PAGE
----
An Appraisal Management Company (AMC) works with lenders and appraisers to ensure independence of the valuation process. They manage the ordering, tracking, quality control and delivery of valuation reports. AMCs existed since the 1960s and grew in prominence following the global economic downturn in 2008.
AMCs offer many valuation products and services to lenders and secondary market investors. They are required to maintain strict adherence to federal and state regulation and law in accordance with Dodd-Frank, the Truth in Lending Act and federal Interagency Guidelines.
In 2009, in the wake of the financial crisis and several lawsuits, New York Attorney General Andrew Cuomo, Fannie Mae and Freddie Mac, with support from the Federal Housing Finance Agency, developed a set of appraisal rules called the Home Valuation Code of Conduct (HVCC). These interim rules were established to create independence – to eliminate undue influence by separating parties with a financial interest in a mortgage loan transaction from appraiser selection and retention.
Although no longer in force, HVCC did influence the creation of important Appraiser Independence rules in the 2010 Dodd-Frank Wall Street Reform (Dodd-Frank) and Consumer Protection Act. No party “shall influence or attempt to influence the development, reporting, result, or review of an appraisal through coercion, extortion, collusion, compensation, inducement, intimidation, bribery, or in any other manner.”
REVAA members also comply with state laws regarding appraiser independence and have strict policies to ensure compliance by employees and vendors.
Introduction to Valuation Products
Estimating the value of residential property is important for real estate financing, selling/purchasing a home, investment analysis and other needs. There are several common valuation products used, including:
- Appraisal – the process of determining the market value of a property. Appraisals may be manual or automated with sales comparisons and market data analysis including on-site inspections and several other conditions based on requirements by the Government Sponsored Enterprises (Fannie Mae and Freddie Mac), the Federal Housing Authority and the relevant financial institution regulatory agencies. The Uniform Standards of Professional Appraisal Practice (USPAP) are the generally accepted standards for professional appraisal practice in North America.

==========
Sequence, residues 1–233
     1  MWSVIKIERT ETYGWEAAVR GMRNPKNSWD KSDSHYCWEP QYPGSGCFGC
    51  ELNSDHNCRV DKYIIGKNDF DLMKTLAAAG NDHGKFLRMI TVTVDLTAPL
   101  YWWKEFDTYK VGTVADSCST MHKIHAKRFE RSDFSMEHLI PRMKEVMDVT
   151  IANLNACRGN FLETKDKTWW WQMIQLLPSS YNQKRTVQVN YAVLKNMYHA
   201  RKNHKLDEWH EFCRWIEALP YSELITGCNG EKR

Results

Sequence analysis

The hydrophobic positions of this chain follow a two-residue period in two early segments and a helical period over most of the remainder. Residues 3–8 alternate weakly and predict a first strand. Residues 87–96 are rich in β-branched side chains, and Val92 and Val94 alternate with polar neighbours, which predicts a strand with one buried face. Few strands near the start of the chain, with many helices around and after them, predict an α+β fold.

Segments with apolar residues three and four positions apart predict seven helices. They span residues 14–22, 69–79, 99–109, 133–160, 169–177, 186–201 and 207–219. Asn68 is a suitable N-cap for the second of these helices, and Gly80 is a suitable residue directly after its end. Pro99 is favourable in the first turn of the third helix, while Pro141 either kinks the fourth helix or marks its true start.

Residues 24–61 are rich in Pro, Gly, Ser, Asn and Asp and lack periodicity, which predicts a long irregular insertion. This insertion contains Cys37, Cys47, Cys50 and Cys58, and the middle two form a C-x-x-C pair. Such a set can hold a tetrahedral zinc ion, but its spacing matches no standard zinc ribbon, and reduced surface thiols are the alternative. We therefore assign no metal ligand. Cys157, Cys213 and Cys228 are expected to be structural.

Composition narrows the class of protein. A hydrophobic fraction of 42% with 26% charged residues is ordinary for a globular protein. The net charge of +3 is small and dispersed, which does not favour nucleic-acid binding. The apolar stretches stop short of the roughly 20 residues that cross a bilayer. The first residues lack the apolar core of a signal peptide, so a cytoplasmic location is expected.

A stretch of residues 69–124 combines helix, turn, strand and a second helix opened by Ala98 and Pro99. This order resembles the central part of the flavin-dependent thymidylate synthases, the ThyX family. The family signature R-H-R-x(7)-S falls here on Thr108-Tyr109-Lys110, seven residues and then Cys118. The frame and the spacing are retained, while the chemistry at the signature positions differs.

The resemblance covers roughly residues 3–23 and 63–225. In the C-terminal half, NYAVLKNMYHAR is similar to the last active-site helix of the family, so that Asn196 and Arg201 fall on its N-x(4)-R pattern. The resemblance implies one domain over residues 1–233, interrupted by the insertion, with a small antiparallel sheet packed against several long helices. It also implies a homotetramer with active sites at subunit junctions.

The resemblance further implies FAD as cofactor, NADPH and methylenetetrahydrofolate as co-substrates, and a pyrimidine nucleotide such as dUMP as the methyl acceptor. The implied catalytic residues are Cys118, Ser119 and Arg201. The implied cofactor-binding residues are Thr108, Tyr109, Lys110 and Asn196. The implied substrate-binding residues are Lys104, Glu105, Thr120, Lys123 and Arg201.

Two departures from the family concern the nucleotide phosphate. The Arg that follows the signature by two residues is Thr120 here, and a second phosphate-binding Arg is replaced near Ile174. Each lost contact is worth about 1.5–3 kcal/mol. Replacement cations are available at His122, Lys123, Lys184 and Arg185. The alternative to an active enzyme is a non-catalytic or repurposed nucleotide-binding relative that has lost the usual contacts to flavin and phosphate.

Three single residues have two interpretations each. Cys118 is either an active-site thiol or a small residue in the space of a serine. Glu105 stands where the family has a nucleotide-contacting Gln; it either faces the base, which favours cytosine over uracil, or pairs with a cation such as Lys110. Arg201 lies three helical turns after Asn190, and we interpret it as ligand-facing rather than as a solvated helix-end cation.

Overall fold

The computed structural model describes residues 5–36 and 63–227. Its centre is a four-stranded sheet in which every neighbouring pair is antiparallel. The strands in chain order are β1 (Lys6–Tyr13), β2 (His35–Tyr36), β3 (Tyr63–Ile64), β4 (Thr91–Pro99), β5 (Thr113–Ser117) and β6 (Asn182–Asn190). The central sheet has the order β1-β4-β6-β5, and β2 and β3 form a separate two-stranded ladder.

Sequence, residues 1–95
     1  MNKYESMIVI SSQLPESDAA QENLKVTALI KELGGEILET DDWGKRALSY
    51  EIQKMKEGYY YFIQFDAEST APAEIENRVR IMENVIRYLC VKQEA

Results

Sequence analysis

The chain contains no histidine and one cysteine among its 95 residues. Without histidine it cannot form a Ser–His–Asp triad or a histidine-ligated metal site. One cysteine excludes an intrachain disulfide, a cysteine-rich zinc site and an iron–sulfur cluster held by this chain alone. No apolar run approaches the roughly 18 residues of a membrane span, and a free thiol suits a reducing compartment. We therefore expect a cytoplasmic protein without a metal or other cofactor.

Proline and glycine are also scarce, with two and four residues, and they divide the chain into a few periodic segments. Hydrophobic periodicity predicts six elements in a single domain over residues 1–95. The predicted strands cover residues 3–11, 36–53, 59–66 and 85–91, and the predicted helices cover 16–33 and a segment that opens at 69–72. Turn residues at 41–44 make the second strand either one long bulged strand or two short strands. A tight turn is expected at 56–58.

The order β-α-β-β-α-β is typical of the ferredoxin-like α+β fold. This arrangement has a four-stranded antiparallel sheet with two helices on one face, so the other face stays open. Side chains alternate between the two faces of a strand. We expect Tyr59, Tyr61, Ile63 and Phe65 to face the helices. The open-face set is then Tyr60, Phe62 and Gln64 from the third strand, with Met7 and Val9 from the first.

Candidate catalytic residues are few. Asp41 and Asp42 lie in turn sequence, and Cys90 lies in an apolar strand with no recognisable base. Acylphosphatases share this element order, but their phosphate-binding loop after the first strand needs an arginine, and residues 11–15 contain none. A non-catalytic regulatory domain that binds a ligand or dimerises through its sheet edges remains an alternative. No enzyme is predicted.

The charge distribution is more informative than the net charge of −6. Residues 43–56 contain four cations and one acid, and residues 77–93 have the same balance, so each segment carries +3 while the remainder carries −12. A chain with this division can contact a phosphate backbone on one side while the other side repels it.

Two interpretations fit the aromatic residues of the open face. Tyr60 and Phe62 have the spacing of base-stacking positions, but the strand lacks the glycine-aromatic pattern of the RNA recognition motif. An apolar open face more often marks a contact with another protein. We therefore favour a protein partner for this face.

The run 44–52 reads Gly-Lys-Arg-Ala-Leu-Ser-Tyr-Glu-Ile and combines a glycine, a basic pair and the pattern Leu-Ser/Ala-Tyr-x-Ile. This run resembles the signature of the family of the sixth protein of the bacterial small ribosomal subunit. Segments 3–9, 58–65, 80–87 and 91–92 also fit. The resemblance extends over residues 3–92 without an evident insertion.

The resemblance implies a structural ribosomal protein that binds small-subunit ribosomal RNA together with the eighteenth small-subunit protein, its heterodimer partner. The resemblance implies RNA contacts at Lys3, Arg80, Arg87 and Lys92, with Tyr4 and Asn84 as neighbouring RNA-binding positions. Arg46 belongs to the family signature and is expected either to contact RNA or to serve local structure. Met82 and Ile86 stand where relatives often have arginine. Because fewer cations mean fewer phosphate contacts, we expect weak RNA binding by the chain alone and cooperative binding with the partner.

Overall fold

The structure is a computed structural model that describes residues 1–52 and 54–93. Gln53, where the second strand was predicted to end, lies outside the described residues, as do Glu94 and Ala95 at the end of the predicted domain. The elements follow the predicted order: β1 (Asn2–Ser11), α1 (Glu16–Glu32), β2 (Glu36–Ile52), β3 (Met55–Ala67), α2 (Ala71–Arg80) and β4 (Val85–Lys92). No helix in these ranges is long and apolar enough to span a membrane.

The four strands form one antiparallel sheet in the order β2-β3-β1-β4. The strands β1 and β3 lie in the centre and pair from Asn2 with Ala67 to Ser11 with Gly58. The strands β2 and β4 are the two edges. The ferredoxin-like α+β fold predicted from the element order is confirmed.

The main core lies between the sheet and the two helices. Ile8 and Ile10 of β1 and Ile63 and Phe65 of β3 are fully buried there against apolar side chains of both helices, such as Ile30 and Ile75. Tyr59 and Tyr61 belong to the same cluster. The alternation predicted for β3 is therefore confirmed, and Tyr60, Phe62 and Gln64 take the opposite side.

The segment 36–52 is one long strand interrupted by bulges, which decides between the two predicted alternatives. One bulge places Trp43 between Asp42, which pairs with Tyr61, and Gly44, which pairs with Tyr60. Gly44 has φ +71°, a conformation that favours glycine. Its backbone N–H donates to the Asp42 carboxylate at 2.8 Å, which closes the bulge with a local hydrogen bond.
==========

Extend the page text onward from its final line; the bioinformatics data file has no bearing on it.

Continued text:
There are several standard appraisal report forms including:
— Uniform Residential Appraisal Report (form 1004)
— Individual Condominium/PUD Appraisal (form 1073)
— Small Residential income Property (form 1025)
— Exterior-Only Inspection Residential Appraisal Report (form 2055)
— REO Appraisals (all property types)
— Manufactured Home Appraisal Report (form 1004C)
— Exterior Only Inspection Individual Condominium Unit Appraisal Report (form 1075)
— Appraisal Update and/or Completion Report (form 1004D)
— Individual Cooperative Interest Appraisal Report (form 2090)
— Desktop Appraisals
- Automated Valuation Model (AVM) – combines industry data, proprietary information, and proven methodology testing to deliver a variety of valuation solutions with reliable results. AVMs help AMC clients/investors effectively manage risk and can serve as an appraisal for mortgage financing purposes.
- Appraisal Risk Reviews (ARR) – measures the accuracy, compliance and risk factors of an appraisal and efficiently supports the due diligence needs of investors and the compliance obligations of rating agencies and regulators.
- Broker Price Opinions (BPO) – an alternate real estate valuation used by financial institutions, AMCs and others. It is not considered a licensed appraisal, but can be used by AMCs to cross check appraisals, help determine the value of REOs, short sales, foreclosures and bulk packages of mortgage loans and due diligence for financial institutions. A BPO is usually a brief 2-3 page report, which includes neighborhood analysis of the property, comps (comparable properties), and local as well as regional market information.
- Desk Review – (also referred to as a desktop product review by AMCs) analyzes the appraisal to determine the reasonableness or confidence that the appraised value provided is accurate. This product examines the logic and reasoning displayed in support of the value estimate and the appraisal report’s compliance with USPAP.